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Wednesday, 10 April, 2002, 09:59 GMT 10:59 UK
Head to head: Action on Iraq
Peter Lilley and Alice Mahon
As Tony Blair faces tough questions over his support for possible military action against Iraq, BBC News Online speaks to two MPs with very different views on the prospect of confronting Saddam Hussein.


Former Conservative cabinet minister Peter Lilley

Essentially, if there is evidence that Iraq is behaving in a way that is a threat to the peace of the region, the stability of the world and the interests of the UK, then that justifies taking action.

But we should not take action just because the United States tell us to do so.

I suspect that if we see Saddam Hussein being intransigent about having weapons inspectors from the United Nations and failing to meet the UN resolutions, that is the evidence.


Toppling Saddam Hussein could well be a consequence of action against Iraq but it probably should not be the final objective

I am not an expert on the legal position on what authority is needed before the US and UK take any military action but ultimately one cannot be vetoed by Outer Mongolia or whatever.

Toppling Saddam Hussein could well be a consequence of action against Iraq but it probably should not be the final objective.

Need for proof

Instead, any plans should concentrate on dealing with weapons of mass destruction and on whether there is any involvement in terrorism.

In any case, I do not think we should be precipitate about Iraq.

The need for thorough preparation and proof of the need of action goes hand-in-hand, hopefully, with calming down the situation between Palestine and Israel.

Resolving that conflict cannot be a condition of action against Iraq but it would be preferable.


Labour MP Alice Mahon

First of all, why do we want to go to war against Iraq?

That question has to be answered - we have Mr Blair, along with the US, sidelining the United Nations, suggesting that military action is inevitable.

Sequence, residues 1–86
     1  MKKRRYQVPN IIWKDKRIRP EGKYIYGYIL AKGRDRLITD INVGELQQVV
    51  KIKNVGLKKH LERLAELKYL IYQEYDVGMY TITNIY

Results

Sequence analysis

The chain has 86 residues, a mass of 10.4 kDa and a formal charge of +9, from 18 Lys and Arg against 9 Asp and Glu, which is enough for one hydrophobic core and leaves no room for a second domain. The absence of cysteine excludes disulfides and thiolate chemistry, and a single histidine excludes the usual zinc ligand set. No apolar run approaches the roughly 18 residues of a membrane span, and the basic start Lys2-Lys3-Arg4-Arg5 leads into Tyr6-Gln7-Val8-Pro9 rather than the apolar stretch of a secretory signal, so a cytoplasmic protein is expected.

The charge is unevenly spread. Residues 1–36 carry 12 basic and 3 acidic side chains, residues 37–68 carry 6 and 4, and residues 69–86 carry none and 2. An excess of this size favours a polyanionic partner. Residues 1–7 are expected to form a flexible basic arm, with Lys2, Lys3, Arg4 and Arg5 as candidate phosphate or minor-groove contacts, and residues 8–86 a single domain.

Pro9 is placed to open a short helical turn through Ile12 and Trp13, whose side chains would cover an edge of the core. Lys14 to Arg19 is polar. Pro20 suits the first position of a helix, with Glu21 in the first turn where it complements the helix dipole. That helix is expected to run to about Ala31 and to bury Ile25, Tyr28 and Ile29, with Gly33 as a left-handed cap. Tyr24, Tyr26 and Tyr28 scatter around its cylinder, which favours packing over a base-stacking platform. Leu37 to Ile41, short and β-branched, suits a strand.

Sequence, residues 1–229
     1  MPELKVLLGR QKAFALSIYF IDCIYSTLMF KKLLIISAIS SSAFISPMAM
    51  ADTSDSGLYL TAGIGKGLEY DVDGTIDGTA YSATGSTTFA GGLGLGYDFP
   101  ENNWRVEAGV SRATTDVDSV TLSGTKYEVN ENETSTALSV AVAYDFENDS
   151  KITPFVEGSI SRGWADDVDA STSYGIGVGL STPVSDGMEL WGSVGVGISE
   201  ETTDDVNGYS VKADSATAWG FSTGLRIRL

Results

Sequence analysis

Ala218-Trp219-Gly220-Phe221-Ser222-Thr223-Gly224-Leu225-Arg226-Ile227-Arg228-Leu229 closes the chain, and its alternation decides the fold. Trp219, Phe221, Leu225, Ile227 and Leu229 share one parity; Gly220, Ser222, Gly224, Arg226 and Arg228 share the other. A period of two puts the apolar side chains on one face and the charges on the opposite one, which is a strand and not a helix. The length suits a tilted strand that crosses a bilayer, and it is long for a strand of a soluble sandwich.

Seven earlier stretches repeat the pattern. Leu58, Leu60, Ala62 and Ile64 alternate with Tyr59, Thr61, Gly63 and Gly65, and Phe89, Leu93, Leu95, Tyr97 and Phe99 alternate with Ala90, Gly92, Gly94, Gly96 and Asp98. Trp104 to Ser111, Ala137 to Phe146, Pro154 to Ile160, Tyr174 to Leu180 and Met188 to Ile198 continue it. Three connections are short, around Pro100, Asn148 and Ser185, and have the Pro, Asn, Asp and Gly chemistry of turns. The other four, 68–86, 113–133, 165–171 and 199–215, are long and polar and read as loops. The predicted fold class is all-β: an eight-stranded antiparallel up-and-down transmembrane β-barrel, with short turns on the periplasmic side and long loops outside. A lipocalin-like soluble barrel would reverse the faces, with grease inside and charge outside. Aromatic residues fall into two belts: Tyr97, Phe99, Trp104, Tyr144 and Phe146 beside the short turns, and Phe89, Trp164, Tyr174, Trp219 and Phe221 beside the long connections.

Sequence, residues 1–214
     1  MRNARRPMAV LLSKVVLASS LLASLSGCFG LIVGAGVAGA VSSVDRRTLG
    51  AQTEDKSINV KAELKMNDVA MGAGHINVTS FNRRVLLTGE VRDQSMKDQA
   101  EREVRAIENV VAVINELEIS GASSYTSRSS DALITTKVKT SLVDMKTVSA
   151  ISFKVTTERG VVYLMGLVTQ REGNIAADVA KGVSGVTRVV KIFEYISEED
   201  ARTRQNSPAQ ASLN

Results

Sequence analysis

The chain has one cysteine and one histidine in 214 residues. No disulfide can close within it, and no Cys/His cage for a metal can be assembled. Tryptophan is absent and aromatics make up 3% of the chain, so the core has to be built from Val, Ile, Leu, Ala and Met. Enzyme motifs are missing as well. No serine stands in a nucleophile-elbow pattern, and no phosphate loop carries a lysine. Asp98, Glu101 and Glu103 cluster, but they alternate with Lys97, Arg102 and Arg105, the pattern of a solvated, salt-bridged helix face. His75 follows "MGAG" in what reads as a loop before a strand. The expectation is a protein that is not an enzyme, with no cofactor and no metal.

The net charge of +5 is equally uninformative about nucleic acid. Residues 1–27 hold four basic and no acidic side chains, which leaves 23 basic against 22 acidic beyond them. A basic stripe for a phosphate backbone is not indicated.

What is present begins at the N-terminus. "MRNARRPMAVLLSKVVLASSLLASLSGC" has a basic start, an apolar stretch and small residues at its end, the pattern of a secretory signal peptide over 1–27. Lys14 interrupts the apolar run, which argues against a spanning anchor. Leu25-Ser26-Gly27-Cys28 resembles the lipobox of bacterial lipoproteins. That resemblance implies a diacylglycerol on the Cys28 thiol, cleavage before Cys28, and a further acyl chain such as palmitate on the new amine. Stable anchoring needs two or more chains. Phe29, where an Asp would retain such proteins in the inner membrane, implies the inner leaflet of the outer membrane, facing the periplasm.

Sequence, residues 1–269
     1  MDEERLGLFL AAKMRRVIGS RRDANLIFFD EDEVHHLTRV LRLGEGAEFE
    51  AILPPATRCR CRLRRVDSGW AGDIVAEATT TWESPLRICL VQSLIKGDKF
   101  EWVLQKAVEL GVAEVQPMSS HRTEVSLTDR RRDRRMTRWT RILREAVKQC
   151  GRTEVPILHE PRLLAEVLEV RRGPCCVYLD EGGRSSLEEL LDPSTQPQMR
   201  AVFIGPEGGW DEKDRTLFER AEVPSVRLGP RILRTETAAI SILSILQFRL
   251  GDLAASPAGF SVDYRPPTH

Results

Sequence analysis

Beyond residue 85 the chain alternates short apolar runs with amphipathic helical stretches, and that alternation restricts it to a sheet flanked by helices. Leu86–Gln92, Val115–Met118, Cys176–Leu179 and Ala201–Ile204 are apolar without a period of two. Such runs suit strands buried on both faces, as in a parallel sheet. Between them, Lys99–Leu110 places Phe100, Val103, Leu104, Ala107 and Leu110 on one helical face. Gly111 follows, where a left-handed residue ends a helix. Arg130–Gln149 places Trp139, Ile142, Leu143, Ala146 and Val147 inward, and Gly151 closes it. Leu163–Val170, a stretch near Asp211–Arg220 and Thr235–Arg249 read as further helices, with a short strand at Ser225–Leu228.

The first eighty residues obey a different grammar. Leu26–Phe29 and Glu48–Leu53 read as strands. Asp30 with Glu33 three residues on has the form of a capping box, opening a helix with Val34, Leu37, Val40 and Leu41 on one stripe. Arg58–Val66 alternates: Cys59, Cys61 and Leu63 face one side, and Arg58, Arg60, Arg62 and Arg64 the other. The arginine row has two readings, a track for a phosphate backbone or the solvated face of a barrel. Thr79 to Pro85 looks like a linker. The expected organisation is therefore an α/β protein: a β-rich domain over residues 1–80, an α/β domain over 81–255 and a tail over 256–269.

I do not believe it is and I think we are now seeing the majority of voters think the same.


Two people cannot start yet another war in the Middle East on some shaky evidence, if they have it, from inside the CIA.

Where is the evidence of Iraq building up weapons of mass destruction?

Scott Ritter, one of the last weapons inspectors to come out of Iraq in 1998, said Iraq was a broken state.

Iraq has not since the Gulf War attempted to attack another state and every one of Iraq's neighbours, except Israel, does not believe it is a threat.

Mr Blair is the prime minister of the United Kingdom and Mr Bush is president of the United States. They are very important people.

But they do not constitute the international community. We have got the United Nations which does that.

Two people cannot start yet another war in the Middle East on some shaky evidence, if they have it, from inside the CIA.

Anybody watching what is going in the Middle East must be appalled. This is not an equal struggle, the Palestinians' country has been occupied.

I absolutely deplore the loss of life whether it be through the suicide bomber or the helicopter gunship.

But Ariel Sharon has only been given a limp slap across the wrist and a lot of us would be a lot more convinced about US policy in the Middle East if it took a stronger stance against Israel.

See also:

10 Apr 02 | UK Politics
10 Apr 02 | UK Politics
10 Apr 02 | UK Politics

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